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GPS parsing module. Can parse simple NMEA data sentences from serial GPS modules to read latitude, longitude, and more.


This driver depends on:

Please ensure all dependencies are available on the CircuitPython filesystem. This is easily achieved by downloading the Adafruit library and driver bundle.

Usage Example

See examples/ for a demonstration of parsing and printing GPS location.

Important: Feather boards and many other circuitpython boards will round to two decimal places like this:

>>> float('1234.5678')

This isn’t ideal for GPS data as this lowers the accuracy from 0.1m to 11m.

This can be fixed by using string formatting when the GPS data is output.

An implementation of this can be found in examples/

import time
import board
import busio

import adafruit_gps

RX = board.RX
TX = board.TX

uart = busio.UART(TX, RX, baudrate=9600, timeout=30)

gps = adafruit_gps.GPS(uart, debug=False)



last_print = time.monotonic()
while True:


    current = time.monotonic()
    if current - last_print >= 1.0:
        last_print = current
        if not gps.has_fix:
            print('Waiting for fix...')
        print('=' * 40)  # Print a separator line.
        print('Latitude: {0:.6f} degrees'.format(gps.latitude))
        print('Longitude: {0:.6f} degrees'.format(gps.longitude))

These two lines are the lines that actually solve the issue:

print('Latitude: {0:.6f} degrees'.format(gps.latitude))
print('Longitude: {0:.6f} degrees'.format(gps.longitude))

Note: Sending multiple PMTK314 packets with gps.send_command() will not work unless there is a substantial amount of time in-between each time gps.send_command() is called. A time.sleep() of 1 second or more should fix this.

About NMEA Data

This GPS module uses the NMEA 0183 protocol.

This data is formatted by the GPS in one of two ways.

The first of these is GGA. GGA has more or less everything you need.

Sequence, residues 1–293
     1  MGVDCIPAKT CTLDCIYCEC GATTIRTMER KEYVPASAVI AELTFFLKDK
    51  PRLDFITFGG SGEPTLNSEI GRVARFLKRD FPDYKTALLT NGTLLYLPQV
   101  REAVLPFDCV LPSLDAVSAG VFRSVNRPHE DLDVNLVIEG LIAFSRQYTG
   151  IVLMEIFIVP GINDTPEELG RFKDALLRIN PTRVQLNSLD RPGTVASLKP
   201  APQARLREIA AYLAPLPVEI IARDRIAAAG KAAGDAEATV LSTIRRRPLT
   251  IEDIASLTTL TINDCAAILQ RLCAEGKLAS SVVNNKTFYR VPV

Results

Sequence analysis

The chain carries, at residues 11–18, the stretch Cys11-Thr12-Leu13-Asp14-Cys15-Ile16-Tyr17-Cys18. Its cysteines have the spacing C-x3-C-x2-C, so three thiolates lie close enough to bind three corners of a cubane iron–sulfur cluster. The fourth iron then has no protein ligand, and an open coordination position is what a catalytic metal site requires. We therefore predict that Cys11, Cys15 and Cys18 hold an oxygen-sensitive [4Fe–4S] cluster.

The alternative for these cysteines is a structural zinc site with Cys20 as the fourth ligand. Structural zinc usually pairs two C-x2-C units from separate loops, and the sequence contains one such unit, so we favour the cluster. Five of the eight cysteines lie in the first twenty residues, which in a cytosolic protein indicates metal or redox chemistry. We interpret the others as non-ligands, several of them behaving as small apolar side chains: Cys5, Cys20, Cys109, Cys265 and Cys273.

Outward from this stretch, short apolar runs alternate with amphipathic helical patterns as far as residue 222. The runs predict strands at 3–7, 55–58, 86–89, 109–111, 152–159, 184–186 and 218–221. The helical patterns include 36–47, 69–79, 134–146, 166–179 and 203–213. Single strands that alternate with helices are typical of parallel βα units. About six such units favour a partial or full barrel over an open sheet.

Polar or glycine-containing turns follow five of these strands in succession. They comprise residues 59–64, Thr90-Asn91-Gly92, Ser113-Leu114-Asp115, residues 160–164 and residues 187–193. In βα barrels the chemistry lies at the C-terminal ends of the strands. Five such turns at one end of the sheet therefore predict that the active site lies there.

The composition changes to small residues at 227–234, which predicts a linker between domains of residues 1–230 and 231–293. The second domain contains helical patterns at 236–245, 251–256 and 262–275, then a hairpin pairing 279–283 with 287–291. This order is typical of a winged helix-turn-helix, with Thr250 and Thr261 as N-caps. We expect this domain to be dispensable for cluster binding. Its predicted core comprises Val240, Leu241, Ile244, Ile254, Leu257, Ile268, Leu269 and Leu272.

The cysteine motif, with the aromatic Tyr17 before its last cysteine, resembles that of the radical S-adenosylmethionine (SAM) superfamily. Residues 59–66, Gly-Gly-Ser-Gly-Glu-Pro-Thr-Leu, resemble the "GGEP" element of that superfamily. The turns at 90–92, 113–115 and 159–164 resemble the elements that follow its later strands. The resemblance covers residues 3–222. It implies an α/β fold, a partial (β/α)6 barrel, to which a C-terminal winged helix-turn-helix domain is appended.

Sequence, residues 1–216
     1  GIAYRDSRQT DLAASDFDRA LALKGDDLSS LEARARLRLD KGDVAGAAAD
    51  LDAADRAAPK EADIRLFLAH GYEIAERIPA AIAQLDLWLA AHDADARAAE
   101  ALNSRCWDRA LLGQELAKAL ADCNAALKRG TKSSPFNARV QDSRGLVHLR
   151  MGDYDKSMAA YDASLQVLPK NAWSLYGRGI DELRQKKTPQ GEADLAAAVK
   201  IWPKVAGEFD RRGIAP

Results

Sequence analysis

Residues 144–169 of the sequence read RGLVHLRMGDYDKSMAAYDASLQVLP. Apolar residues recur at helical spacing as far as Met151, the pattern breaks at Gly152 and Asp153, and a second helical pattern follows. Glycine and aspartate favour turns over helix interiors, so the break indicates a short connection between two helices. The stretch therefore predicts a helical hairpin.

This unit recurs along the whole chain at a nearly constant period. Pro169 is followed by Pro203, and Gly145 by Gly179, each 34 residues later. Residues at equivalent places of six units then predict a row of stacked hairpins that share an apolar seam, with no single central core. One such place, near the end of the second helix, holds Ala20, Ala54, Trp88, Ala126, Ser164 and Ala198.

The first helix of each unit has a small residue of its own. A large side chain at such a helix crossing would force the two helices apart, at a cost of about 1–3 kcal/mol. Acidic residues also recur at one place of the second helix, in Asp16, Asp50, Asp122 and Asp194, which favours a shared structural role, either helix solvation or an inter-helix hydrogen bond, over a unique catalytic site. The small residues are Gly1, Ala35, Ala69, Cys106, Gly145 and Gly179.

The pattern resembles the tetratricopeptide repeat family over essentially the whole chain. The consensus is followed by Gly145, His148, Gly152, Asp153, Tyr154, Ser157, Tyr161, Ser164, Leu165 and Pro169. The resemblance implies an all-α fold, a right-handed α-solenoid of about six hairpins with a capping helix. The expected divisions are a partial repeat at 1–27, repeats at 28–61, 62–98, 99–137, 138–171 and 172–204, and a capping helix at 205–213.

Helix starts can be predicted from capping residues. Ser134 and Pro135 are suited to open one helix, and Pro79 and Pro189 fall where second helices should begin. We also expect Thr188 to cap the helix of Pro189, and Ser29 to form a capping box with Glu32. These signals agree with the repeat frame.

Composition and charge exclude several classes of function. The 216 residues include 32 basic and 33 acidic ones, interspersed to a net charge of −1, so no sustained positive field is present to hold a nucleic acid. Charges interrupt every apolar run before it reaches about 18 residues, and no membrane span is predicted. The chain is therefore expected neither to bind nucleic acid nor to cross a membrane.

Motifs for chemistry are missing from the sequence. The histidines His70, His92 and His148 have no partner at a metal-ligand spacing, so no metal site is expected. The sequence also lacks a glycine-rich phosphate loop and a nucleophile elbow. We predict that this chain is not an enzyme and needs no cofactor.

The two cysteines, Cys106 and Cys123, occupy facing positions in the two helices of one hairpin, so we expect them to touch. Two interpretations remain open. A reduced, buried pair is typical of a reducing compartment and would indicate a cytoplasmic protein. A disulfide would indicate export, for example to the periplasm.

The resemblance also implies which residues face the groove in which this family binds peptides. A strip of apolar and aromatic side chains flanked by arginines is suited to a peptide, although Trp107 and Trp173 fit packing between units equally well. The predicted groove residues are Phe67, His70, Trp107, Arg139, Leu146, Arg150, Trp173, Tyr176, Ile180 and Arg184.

Here’s an explanation of GGA:

       1         2       3 4        5 6 7  8   9  10 |  12 13  14   15
       |         |       | |        | | |  |   |   | |   | |   |    |
  1. Time (UTC)
  2. Latitude
  3. N or S (North or South)
  4. Longitude
  5. E or W (East or West)
  6. GPS Quality Indicator,
    • 0 - fix not available,
    • 1 - GPS fix,
    • 2 - Differential GPS fix
  7. Number of satellites in view, 00 - 12
  8. Horizontal Dilution of precision
  9. Antenna Altitude above/below mean-sea-level (geoid)
  10. Units of antenna altitude, meters
  11. Geoidal separation, the difference between the WGS-84 earth ellipsoid and mean-sea-level (geoid), “-” means mean-sea-level below ellipsoid
  12. Units of geoidal separation, meters
  13. Age of differential GPS data, time in seconds since last SC104 type 1 or 9 update, null field when DGPS is not used
  14. Differential reference station ID, 0000-1023
  15. Checksum

The second of these is RMC. RMC is Recommended Minimum Navigation Information.

Here’s an explanation of RMC:

       1         2 3       4 5        6 7   8   9   10   11|
       |         | |       | |        | |   |   |    |   | |
  1. Time (UTC)
  2. Status, V = Navigation receiver warning
  3. Latitude
  4. N or S
  5. Longitude
  6. E or W
  7. Speed over ground, knots
  8. Track made good, degrees true
  9. Date, ddmmyy
  10. Magnetic Variation, degrees
  11. E or W
  12. Checksum

Info about NMEA taken from here.


Contributions are welcome! Please read our Code of Conduct before contributing to help this project stay welcoming.

Building locally

To build this library locally, you’ll need to install the circuitpython-build-tools package.

python3 -m venv .env
source .env/bin/activate
pip install circuitpython-build-tools

Once installed, make sure you are in the virtual environment:

source .env/bin/activate

Then run the build:

circuitpython-build-bundles --filename_prefix adafruit-circuitpython-gps --library_location .

Sphinx documentation

Sphinx is used to build the documentation based on rST files and comments in the code. First, install dependencies (feel free to reuse the virtual environment from above):

python3 -m venv .env
source .env/bin/activate
pip install Sphinx sphinx-rtd-theme

Now, once you have the virtual environment activated:

cd docs
sphinx-build -E -W -b html . _build/html

This will output the documentation to docs/_build/html. Open the index.html in your browser to view them. It will also (due to -W) error out on any warning like Travis will. This is a good way to locally verify it will pass.

Indices and tables